These questions never helped me make any decision. Thus, I realized the safest thing to do was reply, “Orthodontist.” There were no follow up questions, just a nod of agreement and maybe an encouraging statement.

For a high schooler, it is extremely difficult to fully trust God with this subject. It is difficult to share with others when you are not 100 percent sure that this is what you will spend the rest of your life doing. Students also worry about what others will think of their choice. I worried people would not understand or they would try and talk me out of it.

The Miller Summer Youth Institute at Pittsburgh Seminary provided a safe place for students to discuss a call into ministry. There were many opportunities to ask questions, talk to peers, and begin to start trusting God with this decision.

When I was thinking about going into ministry, I believed the lie that one had to be perfect. I questioned, “How could I help people in their walks with God when I was not perfect?”

It is common to respond to God’s call for one’s life and say, “I’m not qualified.” My response now is, “Well, what is qualified? Name one person in the Bible who was qualified.”

Abraham lied about Sarah. Moses stuttered. Jonah ran away from God. Peter denied Jesus. The disciples fell asleep while praying. And there are more examples found all through scripture!

As you go through the process of figuring out your call, remember that God doesn’t call the qualified, he qualifies the called.

Joy Pedrow was born in Monroeville, Pa., and is now pursuing her communications degree at University of South Florida. An alumna of the program and now an intern, Joy is exploring her call to ministry with the Seminary’s Miller Summer Youth Institute. Check out her blog at http://joypedrow.wordpress.com/

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1/23 2014

Questions are the answer?

Questions are the saving grace of our Wednesday night youth group at Homestead United Presbyterian Church.

To provide a bit of context, our group meets at 6:00 p.m., we share a meal prepared by a gracious church member, we play an ice breaker game, and then we have an hour-long Bible study! I give a short 10-15 minute presentation on the passage chosen for the week, after which the remaining 45 minutes is just a traditional Bible study. This includes ages ranging from 6th grade to the youth group adult helpers whose age I prefer to leave unannounced.

The Bible study, (rightly so) has become the climax of our night. It is truly a magnificent experience and has helped all who are present grow in our knowledge of scripture and our relationship with God. Often times I wonder how this is possible. Yes of course through the grace of our Lord and Savior Jesus Christ, but how does this Bible study with such a wide range of ages not become another lecture from the older generation to the younger? The answer for our group is found in an inquisitive teenage girl who is unashamed to ask the “tough” question and is unwilling to settle for any answer that is theologically and philosophically flawed and void of truth. (My own interpretation but I think it fits.)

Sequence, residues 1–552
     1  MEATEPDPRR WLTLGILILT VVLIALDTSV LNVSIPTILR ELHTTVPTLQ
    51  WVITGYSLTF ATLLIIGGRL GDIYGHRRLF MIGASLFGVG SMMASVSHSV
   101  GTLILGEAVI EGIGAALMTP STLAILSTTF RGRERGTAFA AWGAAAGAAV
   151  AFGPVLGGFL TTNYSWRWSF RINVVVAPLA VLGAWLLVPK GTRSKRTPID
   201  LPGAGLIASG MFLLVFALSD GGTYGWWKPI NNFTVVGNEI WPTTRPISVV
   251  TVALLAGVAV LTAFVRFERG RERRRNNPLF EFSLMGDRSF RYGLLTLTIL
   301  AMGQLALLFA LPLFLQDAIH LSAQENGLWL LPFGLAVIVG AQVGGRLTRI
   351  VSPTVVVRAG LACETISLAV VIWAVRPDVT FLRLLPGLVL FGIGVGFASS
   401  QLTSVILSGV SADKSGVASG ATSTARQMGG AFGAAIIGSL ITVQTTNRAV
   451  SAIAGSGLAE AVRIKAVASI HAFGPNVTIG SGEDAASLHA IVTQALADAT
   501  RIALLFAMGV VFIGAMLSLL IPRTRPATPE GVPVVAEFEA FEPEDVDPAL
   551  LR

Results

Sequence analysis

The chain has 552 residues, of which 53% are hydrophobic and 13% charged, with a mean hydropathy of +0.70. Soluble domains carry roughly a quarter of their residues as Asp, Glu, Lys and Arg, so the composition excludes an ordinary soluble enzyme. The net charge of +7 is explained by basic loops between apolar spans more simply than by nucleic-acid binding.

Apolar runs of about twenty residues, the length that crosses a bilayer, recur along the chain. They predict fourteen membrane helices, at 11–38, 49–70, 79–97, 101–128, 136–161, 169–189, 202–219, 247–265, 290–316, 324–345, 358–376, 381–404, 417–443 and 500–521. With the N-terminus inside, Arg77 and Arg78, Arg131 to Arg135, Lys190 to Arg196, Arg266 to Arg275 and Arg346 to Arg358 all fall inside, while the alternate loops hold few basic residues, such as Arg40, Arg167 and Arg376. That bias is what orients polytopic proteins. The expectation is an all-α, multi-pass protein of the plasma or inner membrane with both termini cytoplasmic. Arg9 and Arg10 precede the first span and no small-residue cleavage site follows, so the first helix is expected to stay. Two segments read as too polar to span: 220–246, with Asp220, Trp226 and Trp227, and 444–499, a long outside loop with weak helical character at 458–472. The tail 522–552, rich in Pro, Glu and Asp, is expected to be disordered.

When I started my internship at HUPC, I was warned about this inquisitive girl. The members groaned with pains of agony when her, and her brother, who has moved on to college, were mentioned. Sudden circumstances left the church without a youth pastor – forcing the members to pick up the burden. So, in their defense they were not trained, nor had they even considered some of the deep questions that were asked.

As someone who studied religion in undergrad and now on my way out of seminary, I was excited for the challenge and was not disappointed. To paint a picture, this young lady is home schooled, loves to read especially – Harry Potter – and carries an authentic vibe with everything she does. She has not been corrupted by the awkward social standards found in the school halls, and she is not burdeedn with the concern of other people’s opinion. It really is a blessing to the whole group. Were it not for her, our group would not be a Bible study, just a lecture.

Nonetheless, the greatest blessing in her questions is the fact that she really searches for the truth without the critical tone I’ve come to expect from my fellow classmates. She simple wants to grow in her faith; and the result, she is the one who has grown the most in my short time with the group. She is the brightest apprentice of the group, and has pushed me, the youth workers, and the other students to think deeper about everything we confess. This young lady brings to life the words of Jesus, “Ask, and it will be given to you; seek, and you will find; knock, and it will be opened to you (Matt. 7:7),” not only for herself, but for our entire group and I couldn’t be more thankful.

Written by Damian Berry, M.A. student at Pittsburgh Theological Seminary